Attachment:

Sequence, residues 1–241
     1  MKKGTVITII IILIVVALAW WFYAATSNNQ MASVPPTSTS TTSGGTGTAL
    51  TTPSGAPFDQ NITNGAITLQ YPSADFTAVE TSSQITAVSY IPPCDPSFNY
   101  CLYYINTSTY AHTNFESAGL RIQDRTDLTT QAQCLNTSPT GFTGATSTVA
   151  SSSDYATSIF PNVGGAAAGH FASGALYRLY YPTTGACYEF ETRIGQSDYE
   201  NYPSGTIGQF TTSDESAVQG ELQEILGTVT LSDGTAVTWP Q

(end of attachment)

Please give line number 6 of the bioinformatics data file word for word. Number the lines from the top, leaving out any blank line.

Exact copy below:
   201  NYPSGTIGQF TTSDESAVQG ELQEILGTVT LSDGTAVTWP Q